The worlds way is, go to school then find a career. College and a career are not bad in and of themselves, but we have to question whether these paths will prepare and equip us for being the women God has called us to be. I believe that in most cases, 4+ years in college, debt and a career will most likely not prepare or equip us.

Yet work and education are good things. I personally have taken many college courses and have held part time jobs. As I explained to the young woman, God has obviously given us passions for a reason. Exploring them and educating ourselves is not only acceptable, but to be expected. It's a prudent choice, and obviously not outside biblical principles. We just have to seek His will in how we apply the biblical principles. With many different home-lives, family structures, interests and personalities it would be foolish to assume we all would lead the same identical lives. What we women do have in common is our calling to be virtuous women. We are not to structure our lives around our passions, but pursue our passions to equip ourselves to our calling as women.

But what about life-long singleness? Are these women gypped of a calling? Is it biblical to stay unmarried?

Paul was an unmarried apostle. He even preferred it, and would have liked all men to be as he, but conceded “...but every man hath his proper gift of God, one after this manner, and another after that.” (1 Corinthians 7:7).

Just as marriage is a gift, so is singleness. Both are callings, but from what I can see in the Bible and even in a practical perspective, life-long singleness is an uncommon calling, reserved for a few. But life-long singleness does not give these single women any more of an excuse to pursue their passions and dreams for their own interest, anymore than those who are called to marry. Single woman are obviously given a special opportunity to serve in a different way than married women. But still for the glory of God. The biblical principles of virtuous womanhood can and should still apply. They can still support and strengthen the men God has put as their authority. They can still be a good sister and build their siblings up. They can still influence the next generation. They can still encourage men in our society to be men by being biblical women. They still can be industrious and financially faithful women who open their mouth with wisdom and speak kindness and look well to their household.

#4 Are women weak?     

Again, I was asked this question because of certain former posts that advocated fatherly protection, guarding our hearts and femininity.

I can understand any disgust at this proposition if you believe I meant women are inferior, incapable, prissy, and emotionally unstable. But this isn't the case at all.

The Bible says we are weaker vessels. (1 Peter 3:7). Emotionally we are normally more sensitive, and thus more prone to emotional attack. This is not a condemnation but a fact, and really, we are all weak compared to God's strength and He loves to prove Himself through our weaknesses so He can show Himself strong. I only was warning young women to guard their heart because I know what a battlefront the heart can be. I'm not the only one that gives warning, but God does also – …..“Keep thy heart with all diligence; for out of it are the issues of life.” Proverbs 4:23 This isn't my opinion, but a biblical admonishment as well.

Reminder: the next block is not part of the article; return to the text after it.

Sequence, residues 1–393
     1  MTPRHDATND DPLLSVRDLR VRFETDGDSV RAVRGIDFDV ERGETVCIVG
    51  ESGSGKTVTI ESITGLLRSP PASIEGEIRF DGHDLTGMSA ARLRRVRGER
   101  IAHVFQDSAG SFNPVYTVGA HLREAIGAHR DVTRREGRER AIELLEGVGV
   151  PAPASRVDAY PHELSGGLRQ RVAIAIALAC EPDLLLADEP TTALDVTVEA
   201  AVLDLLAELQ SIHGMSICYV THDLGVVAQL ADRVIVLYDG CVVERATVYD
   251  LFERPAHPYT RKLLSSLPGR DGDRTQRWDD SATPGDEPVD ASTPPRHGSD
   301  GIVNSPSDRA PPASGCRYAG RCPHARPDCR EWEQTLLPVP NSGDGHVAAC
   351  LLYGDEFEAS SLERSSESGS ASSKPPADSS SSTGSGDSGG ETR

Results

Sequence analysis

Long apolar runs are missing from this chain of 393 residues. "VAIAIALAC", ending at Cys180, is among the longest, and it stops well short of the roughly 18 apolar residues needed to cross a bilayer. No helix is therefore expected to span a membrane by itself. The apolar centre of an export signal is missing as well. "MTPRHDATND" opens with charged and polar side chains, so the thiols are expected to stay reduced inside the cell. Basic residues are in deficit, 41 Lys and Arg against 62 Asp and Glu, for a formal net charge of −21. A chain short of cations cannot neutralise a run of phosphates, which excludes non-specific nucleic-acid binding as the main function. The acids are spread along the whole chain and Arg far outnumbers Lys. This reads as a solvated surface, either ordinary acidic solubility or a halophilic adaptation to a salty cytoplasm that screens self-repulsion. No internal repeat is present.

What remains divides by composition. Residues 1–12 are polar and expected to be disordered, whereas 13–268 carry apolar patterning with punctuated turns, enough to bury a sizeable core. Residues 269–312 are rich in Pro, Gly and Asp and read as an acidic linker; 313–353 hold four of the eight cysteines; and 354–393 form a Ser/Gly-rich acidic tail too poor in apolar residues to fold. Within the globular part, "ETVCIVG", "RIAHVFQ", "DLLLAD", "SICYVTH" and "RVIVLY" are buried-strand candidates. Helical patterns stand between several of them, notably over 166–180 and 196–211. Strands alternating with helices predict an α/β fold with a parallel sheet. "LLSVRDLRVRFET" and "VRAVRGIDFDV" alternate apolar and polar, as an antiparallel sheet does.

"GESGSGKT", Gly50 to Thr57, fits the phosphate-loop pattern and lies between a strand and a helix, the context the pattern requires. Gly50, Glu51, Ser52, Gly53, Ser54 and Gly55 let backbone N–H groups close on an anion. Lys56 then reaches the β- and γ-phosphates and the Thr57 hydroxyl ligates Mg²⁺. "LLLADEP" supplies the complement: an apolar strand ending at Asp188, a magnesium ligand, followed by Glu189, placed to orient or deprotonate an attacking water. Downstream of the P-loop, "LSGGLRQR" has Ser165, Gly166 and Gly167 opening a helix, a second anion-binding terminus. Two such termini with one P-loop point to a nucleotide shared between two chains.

Which easily leads us to ask –

#5 Can women be feminine but brave and adventurous?

The world has tried to remold femininity into a totally different definition altogether. Feminine does not mean pink and lace, nor does it mean a giddy flirt. It also does not mean we are incapable weaklings.

Because of our culture's misconception, many young women I know have embraced everything they consider to be “un-feminine”. They disdain girl stereotypes, and model anything that would be the opposite.

And yet femininity simply means to be womanly. And we look to the Bible to define how to be a godly woman. We have already discussed what women are called to be, and some examples of what that looks like, but the Bible also says women are to have chaste conversations, to look after the heart more than the outward, to be meek and quiet, obedient, compassionate, loving, sober and discreet. (1 Peter 3 and Titus 2).

Men are not to be copied, rivaled or envied. We too our strong in our own ways. In fact femininity is strong. Neither man's strength or woman's strength is superior than the other, they are just different.

What does a feminine woman look like?
She is not masculine. But she can be firm, she is gentle, but not inferior, able and confident, but submissive and respectful. She is an encourager, a support, loving, helpful, competent and intelligent. Her strength is found in His quietness and confidence (Is. 30:15) and in the satisfaction of fulfilling her God-given calling.

To be feminine in this day and age requires more strength than most people think! Femininity is constantly under attack by the culture's mindset, and by God's enemies. To embrace femininity means you will be rowing upstream. And yet it is worth it! Being a woman of God in the 21st century is not boring! In fact, my life is so full, so exciting, with endless opportunities I feel like I wish I could live several lives at once! There are so
many battles to be fought, so many people to encourage, so many books that could be written, so many venues, I am overwhelmed! And I can tell you that I have never been more satisfied as when I am complementing the men God has placed in my life and boldly standing for truth. There is nothing cookie-cutter about biblical womanhood.

Plus I have never felt more secure than when under my Heavenly Father and my earthly fathers protection. To be guarded brings such self-worth. I'm a treasure worth protecting. My father and brothers zeal in this only proves how I am cherished. I am not shielded from every fun entertainment, my sphere is not a small one, I am not chained to domestic drudgeries. It is a delight to be feminine. Biblical womanhood is a mission. I am proud to be a woman without the guilt or envy that I am not like a man. As a woman I have the power to influence the next generation. I am given a beautiful noble calling to support and encourage my father (and someday husband) on to greater heights.

In my next post I will address relationships and physical touch.  
Click here for Biblical Womanhood Part II